Most of the marijuana legislation news last week took place on the East Coast, with significant action in New Hampshire, Vermont and Delaware. But the biggest headline of the week was the announcement that the federal government may be bringing back elements of the failed war on drugs. Find out about that more in our weekly marijuana legislative roundup.
On Thursday, Attorney General Jeff Sessions issued a two-page memo instructing federal prosecutors to pursue the most severe provable charges for drug offenses. The move effectively overturns a memorandum circulated by former Attorney General Eric Holder in 2013.
Related Story: Did Sessions Just Escalate The War on Drugs?
The Holder memo urged prosecutors to avoid seeking charges that could result in inordinately long or racially-motivated mandatory minimum sentences for drug offenses in cases where certain criteria are met. The move represents the Trump administration’s first major effort to change the somewhat more lenient federal drug enforcement policies of the Obama administration.
The New Hampshire Senate on Thursday voted 16-7 in favor of legislation to decriminalize possession of small amounts of marijuana. Under the bill, possession of up to three-quarters of an ounce of cannabis will be reduced from a misdemeanor to a civil violation punishable by a fine of no more than $300.
The state House of Representatives, which passed a bill decriminalizing possession of up to an ounce of marijuana earlier in the legislative session, must now take up the legislation. Governor Chris Sununu has said he will sign the bill into law if passed.
On Wednesday, the Vermont House of Representatives passed a bill to legalize possession and use of small amounts of marijuana. Under the legislation, adults 21 and older would be allowed to possess up to an ounce of cannabis beginning in July 2018. The bill, which passed the Senate the previous week, would also create a commission tasked with drawing up an effective system to regulate the production and distribution of marijuana products.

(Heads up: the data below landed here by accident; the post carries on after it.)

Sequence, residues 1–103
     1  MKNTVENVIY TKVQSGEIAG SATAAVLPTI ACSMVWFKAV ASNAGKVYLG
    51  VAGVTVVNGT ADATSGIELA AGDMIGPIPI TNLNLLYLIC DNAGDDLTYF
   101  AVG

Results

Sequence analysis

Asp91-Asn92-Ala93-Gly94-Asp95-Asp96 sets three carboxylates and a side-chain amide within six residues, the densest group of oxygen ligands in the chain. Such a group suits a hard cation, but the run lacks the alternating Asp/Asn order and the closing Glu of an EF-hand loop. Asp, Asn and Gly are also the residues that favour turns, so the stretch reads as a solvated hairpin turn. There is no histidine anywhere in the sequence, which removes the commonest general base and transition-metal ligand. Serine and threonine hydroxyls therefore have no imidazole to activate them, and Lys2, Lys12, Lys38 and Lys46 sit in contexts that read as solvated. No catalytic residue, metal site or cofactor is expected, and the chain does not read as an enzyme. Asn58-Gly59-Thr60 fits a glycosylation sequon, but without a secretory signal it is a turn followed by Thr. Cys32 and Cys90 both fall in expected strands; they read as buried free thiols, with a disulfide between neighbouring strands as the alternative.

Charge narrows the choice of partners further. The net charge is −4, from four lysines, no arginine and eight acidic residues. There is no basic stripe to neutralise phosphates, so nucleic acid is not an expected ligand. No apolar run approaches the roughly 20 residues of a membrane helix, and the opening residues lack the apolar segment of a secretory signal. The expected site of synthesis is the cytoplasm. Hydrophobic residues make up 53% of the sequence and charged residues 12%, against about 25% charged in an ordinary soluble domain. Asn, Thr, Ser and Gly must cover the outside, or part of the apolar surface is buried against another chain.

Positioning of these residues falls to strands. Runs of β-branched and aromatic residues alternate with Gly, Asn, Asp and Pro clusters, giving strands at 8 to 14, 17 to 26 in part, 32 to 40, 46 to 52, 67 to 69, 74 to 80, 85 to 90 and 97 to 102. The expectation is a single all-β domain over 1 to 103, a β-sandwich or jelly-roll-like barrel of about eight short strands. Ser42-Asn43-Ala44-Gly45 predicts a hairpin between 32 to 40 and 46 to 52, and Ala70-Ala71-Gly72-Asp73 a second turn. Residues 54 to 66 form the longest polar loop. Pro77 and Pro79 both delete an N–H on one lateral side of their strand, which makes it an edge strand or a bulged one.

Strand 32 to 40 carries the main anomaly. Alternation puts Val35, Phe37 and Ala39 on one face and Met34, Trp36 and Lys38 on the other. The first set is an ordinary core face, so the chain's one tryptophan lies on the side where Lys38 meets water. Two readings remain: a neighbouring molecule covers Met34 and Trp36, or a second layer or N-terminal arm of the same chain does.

Governor Bill Scott has stated that he is not opposed to legalizing the plant so long as certain public concerns are addressed.
Lawmakers in Colorado failed to come to an agreement to define what constitutes prohibited public consumption of marijuana before the 2017 legislative session ended on Wednesday. Under the recreational cannabis law approved by voters in 2012, “open and public use” of the plant is not allowed.
However, the meaning of this phrase has been hotly contested in recent years, with the debate centered around whether consuming marijuana on one’s private porch constitutes public use. Legislation put forth by the Senate would have permitted a party of no more than five to do so without legal repercussions. Representatives in the Colorado House, however, argued that the five-person limit is arbitrary and would violate the spirit of the measure passed by voters.
The Delaware House Finance and Revenue Committee voted 10-2 on Wednesday in favor of a bill to legalize possession of small amounts of cannabis. If enacted, the measure would allow possession of no more than an ounce of marijuana by adults 21 and over. The legislation also provides for the licensing of retail stores and cultivation facilities, and establishes an excise tax of $50 per ounce on marijuana sales.
A commission would be created to come up with a comprehensive regulatory framework for recreational cannabis production and distribution. The bill will now go to the floor for a vote of the full House.
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